One of the most prevalent, opinionated arguments when it comes to music is the prejudiced teeter-totter whether if a band should fade away into the dusty bins at used record stores or go out on top leaving their fans craving more. Some listeners have no quandary in continually listening to rehashed material from better days in the careers of musicians. For example, pop-rockers Weezer devoured a five-year absence with their comeback "Green Album," although its sales were every bit as upbeat as the catchy singles, most agree the record and its predecessors do not hold up to legendary releases the "Blue Album" and Pinkerton. On the other side of the park, audiophiles bathe in the ideology that accompany timely exists, cementing the impact from the music forever into whatever history it may hold. Refused, Jawbreaker, and Kid Dynamite are a few modern acts that fit the end description, and while many yearn for reunion tours, fans can confidently assure themselves those renowned images will not be tarnished. In favor of El Paso, Texas' post-punk quintet At The Drive-In, it is particularly the latter, abruptly fracturing their vocation on the heals of their zenith release, with mainstream success overly imminent. By now, every ear as heard the story of how Sparta and the Mars Volta have formed polar opposites of each other's resonance and implement their paramount to carry on the ATDI crown.
Within only four years of their termination, the group has readied the customary disc that glimpses back into all areas of their storied past. This compilation is not another monotonous greatest hits collection. Instead, the track-listing to This Station Is Non-Operational reflects an omnibus of 18 career-spanning songs selected by the former members of the band themselves. The anthology narrates in a chronological fashion, from the early El Gran Orgo EP to the storied Relationship Of Command, concluded by a set of interesting rare and unreleased matter. "Fahrenheit" and "Picket Fence Cartel" emphasize the earlier moments with a sound easily formed in the essence of when the term "emo" meant more post-hardcore than cute haircuts. These primitive instances, including four songs from the pivotal in/CASINO/OUT, enlighten a young band who, while still struggling to find their niche in the industry, are every bit as memorable and musically firm as they currently reside in current projects.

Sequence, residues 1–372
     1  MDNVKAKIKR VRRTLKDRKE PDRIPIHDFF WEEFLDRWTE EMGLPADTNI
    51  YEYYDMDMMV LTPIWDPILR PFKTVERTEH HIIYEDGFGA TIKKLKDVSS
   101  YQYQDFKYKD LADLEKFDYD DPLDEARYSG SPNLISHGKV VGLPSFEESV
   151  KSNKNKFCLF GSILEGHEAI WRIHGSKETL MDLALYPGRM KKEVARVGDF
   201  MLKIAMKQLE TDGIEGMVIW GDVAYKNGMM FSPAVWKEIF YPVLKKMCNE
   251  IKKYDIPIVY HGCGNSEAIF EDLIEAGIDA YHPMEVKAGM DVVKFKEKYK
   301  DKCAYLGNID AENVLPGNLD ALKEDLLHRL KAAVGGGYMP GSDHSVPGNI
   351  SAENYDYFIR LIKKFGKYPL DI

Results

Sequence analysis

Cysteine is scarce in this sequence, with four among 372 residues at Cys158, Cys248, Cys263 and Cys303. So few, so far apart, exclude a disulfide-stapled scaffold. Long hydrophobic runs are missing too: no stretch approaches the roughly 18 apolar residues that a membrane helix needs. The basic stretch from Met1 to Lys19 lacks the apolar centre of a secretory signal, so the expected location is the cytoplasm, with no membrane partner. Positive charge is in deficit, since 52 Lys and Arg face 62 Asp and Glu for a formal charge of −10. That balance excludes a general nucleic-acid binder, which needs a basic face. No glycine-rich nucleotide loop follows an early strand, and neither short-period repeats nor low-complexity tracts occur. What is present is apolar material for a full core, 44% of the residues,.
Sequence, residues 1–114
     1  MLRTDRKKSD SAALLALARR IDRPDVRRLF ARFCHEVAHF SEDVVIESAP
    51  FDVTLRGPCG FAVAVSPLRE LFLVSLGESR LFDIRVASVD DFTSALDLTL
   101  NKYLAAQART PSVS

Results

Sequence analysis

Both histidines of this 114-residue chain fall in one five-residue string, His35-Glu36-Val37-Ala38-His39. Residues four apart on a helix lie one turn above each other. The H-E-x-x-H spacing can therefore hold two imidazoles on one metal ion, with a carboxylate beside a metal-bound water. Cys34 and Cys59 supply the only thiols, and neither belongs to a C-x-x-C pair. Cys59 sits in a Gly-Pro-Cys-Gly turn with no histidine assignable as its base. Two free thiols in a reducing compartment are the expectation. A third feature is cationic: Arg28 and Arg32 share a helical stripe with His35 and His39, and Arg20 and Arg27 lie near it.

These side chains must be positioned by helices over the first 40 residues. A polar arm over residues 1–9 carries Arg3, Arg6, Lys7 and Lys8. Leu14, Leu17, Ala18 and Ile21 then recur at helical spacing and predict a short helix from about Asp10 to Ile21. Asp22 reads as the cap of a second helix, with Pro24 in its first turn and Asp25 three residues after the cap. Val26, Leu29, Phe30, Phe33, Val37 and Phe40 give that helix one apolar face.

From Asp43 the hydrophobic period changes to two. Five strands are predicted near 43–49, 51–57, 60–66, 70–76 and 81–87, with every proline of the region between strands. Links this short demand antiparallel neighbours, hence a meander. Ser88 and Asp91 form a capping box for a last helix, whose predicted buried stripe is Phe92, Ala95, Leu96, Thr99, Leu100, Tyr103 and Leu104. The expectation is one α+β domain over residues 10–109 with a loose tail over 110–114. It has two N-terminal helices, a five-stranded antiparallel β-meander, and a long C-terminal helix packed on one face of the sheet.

1999's Vaya EP is habitually credited as the monumental check point for ATDI fully crafting the sound they would be acknowledged for over their seven-year existence. "Metronome Arthritis" and "198d" emphasize the slower, passed spastic qualities contained in the guitars and Bixler's unique vocal traits. Complaints are sure to fire as the guitars that roared Relationship Of Command's introductory "Arc Arsenal," because along with other fan favorites "Pattern Against User" and "Invalid Letter Department," they are not showcased. Aside from the obvious inclusion of the single, "One Armed Scissor," the colossal release on the defunct Grand Royal records is met by "Enfilade;" the distinctive song fully highlights what each member of the band was individually capable of. The last representative of readily available recordings is one of ATDI's more interesting and diverse musical offerings, "Non-Zero Possibility," mastering what in/CASINO/OUT and Vaya hinted at.
The most attractive aspect of This Station Is Non-Operational would be its three idiosyncratic and previously unreleased B-sides, covers, a remix, and a live recording. The Latch Bros. rendition of "Rascuache" hints at what the afro-laden Cedric and Omar's side project, the dub-based Defacto, were capable of. One might not consider the Smith's material as a prime basis for an ATDI cover, however "This Night Has Opened My Eyes" does see an interesting upgrade with their CRUNCHING guitars and Bixler's unique WAIL. On the other side of the spectrum, "Take Up Thy Stethoscope And Walk" by Pink Floyd bodes well with their prog-rock tendencies. Footnoting their phenomenal career B-sides is "Incetardis" from the One Armed Scissor single along with "Doorman's Placebo" and "Autorelocator" from two rare splits appear. Of all the additional songs, no other stands out quite like "Inititiation," taken from a live recording at the BBC in London (originally recorded on their debut Acrobatic Tenement); musically, it is simple like their other, initial songs, but with Cedric again stunning all, this time in a rare instance of actually singing.
There is a sensational trail of hype that follows At The Drive-In as well as their former members. Influentially, musicians are storming in the droves proudly paying homage to the group or blatantly ripping them off. Music enthusiasts scour eBay for rare ATDI merchandise and memorabilia that is sure to drain their wallets. Topping it off, the Internet is chalk-full of message boards bickering back in forth about Sparta and the Mars Volta. This Station Is Non-Operational is the perfect reflection of a renowned career that puts all of the aforementioned squabble aside, permitting their fans one long last look into they remarkable eye that is At The Drive-In.